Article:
A catalog’s buyer file is the company’s most valuable asset. And in this multichannel world, your catalog buyers are getting many layers of marketing messages from your company. Buyers receive catalogs, e-mails, digital ads, your web site and search engine marketing on a regular on-going basis. Measuring the incremental sales and profits from catalog mailings is necessary in order to set the optimum house file circulation.
Catalog marketing is a simple economic model; profits are maximized when you mail all circulation that exceeds your breakeven. But knowing the incremental sales and profits that come from a catalog drop is complicated because your buyers are receiving so many multichannel messages. Marketers are spending a lot of time and resources on trying to determine how to allocate or attribute sales to the various marketing messages.
A reliable method to determine the incremental sales from house buyer file segments is to use mail versus no mail tests to measure the difference in sales to hold out panels where you divide house file segments and mail a portion and not mail another portion of the same segment and then measure the difference in sales.
By comparing how much better the group receiving the catalog does that the holdout panel, you can see the effect the catalog has on sales. For the holdout test, you withhold mailing the catalog so that the two groups receive all the other marketing messages. After running a holdout test, the response rates and dollars per catalog are compared in your match back processing. So if the holdout group yields $1.00 in sales during the life of the catalog’s order history and the group receiving the catalog yields $2.50 in sales, then the incremental lift is $1.50. With all other variables held constant, the incremental lift represents the sales that your catalog mailing added to the overall marketing mix.
Without mail versus no mail testing it is difficult and arbitrary to understand the true incremental lift provided by catalog mailings. However by using mail versus no mail testing you can determine which of the RFM segments of your house file mailings are above breakeven and get a reliable estimate of the incremental lift that catalog mailings to your house buyers provide.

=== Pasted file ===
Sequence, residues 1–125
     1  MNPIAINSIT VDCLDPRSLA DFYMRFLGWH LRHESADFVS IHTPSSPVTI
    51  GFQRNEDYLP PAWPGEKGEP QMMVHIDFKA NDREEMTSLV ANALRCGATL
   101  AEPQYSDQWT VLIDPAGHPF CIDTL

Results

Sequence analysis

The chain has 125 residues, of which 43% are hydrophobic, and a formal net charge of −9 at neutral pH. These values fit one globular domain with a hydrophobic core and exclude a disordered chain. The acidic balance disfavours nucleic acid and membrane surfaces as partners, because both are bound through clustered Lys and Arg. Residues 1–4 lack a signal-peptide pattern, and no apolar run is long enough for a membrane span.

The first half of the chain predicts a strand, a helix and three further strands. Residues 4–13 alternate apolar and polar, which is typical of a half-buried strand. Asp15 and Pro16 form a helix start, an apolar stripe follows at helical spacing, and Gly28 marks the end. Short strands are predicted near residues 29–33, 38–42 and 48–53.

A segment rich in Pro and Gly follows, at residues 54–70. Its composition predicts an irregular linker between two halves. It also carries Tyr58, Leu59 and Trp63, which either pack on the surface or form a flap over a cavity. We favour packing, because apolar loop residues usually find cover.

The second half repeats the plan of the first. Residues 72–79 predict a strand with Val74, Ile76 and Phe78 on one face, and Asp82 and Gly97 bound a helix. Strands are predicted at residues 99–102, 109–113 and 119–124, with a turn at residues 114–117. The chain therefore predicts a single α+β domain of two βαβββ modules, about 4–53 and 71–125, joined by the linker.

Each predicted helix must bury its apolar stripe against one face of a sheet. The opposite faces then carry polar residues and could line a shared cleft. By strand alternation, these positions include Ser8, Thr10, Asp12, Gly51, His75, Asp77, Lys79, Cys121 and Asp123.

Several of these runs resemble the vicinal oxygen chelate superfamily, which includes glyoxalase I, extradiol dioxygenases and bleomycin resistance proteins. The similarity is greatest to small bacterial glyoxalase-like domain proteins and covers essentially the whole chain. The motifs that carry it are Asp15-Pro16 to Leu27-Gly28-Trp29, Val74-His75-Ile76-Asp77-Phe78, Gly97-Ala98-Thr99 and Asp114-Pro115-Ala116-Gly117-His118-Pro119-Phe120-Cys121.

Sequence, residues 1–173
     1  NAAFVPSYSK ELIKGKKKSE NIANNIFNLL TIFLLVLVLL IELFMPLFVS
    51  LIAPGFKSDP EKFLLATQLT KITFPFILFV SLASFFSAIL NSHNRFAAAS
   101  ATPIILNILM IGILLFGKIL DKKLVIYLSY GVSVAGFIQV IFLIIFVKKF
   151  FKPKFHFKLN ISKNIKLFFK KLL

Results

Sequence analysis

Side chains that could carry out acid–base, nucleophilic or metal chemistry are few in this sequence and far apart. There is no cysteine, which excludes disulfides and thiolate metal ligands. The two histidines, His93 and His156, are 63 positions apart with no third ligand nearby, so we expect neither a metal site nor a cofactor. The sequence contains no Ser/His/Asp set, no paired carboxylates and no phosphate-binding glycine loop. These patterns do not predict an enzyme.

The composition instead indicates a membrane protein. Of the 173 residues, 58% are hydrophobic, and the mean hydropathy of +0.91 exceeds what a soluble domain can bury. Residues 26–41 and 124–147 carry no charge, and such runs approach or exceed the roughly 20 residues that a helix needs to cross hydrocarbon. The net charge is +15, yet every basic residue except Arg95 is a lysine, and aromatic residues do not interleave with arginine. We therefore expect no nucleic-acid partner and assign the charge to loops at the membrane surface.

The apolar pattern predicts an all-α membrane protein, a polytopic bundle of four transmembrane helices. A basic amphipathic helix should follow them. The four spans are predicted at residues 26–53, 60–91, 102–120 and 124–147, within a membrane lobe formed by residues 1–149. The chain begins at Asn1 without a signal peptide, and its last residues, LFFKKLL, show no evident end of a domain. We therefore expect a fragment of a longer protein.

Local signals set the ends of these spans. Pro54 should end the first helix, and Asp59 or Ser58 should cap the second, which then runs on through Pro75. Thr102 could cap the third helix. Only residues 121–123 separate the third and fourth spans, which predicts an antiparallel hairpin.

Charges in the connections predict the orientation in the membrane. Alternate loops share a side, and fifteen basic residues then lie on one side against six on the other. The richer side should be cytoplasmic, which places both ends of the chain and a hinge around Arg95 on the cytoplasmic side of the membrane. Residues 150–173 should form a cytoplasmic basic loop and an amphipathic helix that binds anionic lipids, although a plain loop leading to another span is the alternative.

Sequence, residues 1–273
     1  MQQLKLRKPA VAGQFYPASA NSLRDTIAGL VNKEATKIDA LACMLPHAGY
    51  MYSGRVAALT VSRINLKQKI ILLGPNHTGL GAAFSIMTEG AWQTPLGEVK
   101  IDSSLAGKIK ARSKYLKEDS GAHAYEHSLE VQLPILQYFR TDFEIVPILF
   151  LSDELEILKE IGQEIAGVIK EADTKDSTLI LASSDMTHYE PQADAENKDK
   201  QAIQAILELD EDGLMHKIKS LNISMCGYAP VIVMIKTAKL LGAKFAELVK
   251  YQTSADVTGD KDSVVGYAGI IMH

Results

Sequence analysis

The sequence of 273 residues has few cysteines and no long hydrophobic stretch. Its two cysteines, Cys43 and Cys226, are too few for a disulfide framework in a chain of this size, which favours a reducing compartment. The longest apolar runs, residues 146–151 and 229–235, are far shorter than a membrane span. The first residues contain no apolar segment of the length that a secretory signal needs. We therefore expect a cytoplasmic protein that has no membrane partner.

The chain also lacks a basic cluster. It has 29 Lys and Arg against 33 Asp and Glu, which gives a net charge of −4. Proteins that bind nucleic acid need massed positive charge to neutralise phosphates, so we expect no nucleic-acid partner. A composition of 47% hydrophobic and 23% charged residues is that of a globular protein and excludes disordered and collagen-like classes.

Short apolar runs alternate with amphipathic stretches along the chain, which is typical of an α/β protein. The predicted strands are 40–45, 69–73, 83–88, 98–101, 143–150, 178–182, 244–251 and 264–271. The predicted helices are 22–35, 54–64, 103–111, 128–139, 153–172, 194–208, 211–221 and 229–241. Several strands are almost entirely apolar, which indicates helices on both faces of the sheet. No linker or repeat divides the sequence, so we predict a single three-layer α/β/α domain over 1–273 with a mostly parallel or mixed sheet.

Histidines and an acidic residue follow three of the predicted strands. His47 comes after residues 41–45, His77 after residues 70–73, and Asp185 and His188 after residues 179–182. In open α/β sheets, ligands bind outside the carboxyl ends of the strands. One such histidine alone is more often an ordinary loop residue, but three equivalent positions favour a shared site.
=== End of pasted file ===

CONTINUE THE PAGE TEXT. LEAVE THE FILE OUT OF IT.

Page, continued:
Where do you pick segments inside your house file to test?
Always test the marginal older segment of the house file which are responding around breakeven. Knowing the incremental value of mailing to marginal house file segments tells the incremental sales coming from mailing to older house segments. If your breakeven is $1.50 per catalogs and an older segment will yield $.50 even if you don’t mail a catalog, then you know that your breakeven sales are $2.00 when you look at the overall sales in your match back reporting.
Test newer house buyer segments which are responding well above breakeven. If the incremental sales from catalog mailings are substantially above breakeven, you may want to increase the frequency of mailing your best catalog buyers.
Test those buyers who came to you from web channels or affiliate programs. These buyers may well respond poorly to incremental catalog mailings. It may dilute your results by keeping web buyers included in your traditional RFM (recency, frequency, monetary) segments.
Test combining e-mail along with catalog mailings to both your house file and to prospecting circulation. The lift from e-mail may allow you to expand your prospecting universe.
Test mailing to previous prospects to understand the sales that are coming from earlier mailings to the same prospects versus the most recent mailings to the same prospects.
Test marginal house file segments over multiple mailings to understand how incremental sales decay over time when multiple catalog mailings are suppressed. This tells you how often you should be mailing your marginal segments.
Testing your catalog circulation with holdout panels allows you to measure precisely the incremental sales from catalog. Understanding your incremental sales allows you to optimize your circulation to maximize your profitability.
Multichannel marketers are flooded with data about the sales coming from various marketing messages and contacts. Attributing sales in this multichannel world is a universal vexing problem for catalogers. Simple hold out tests are an invaluable measurement of the incremental value of catalog mailings. Make sure that you bake these tests into your catalog circulation plans.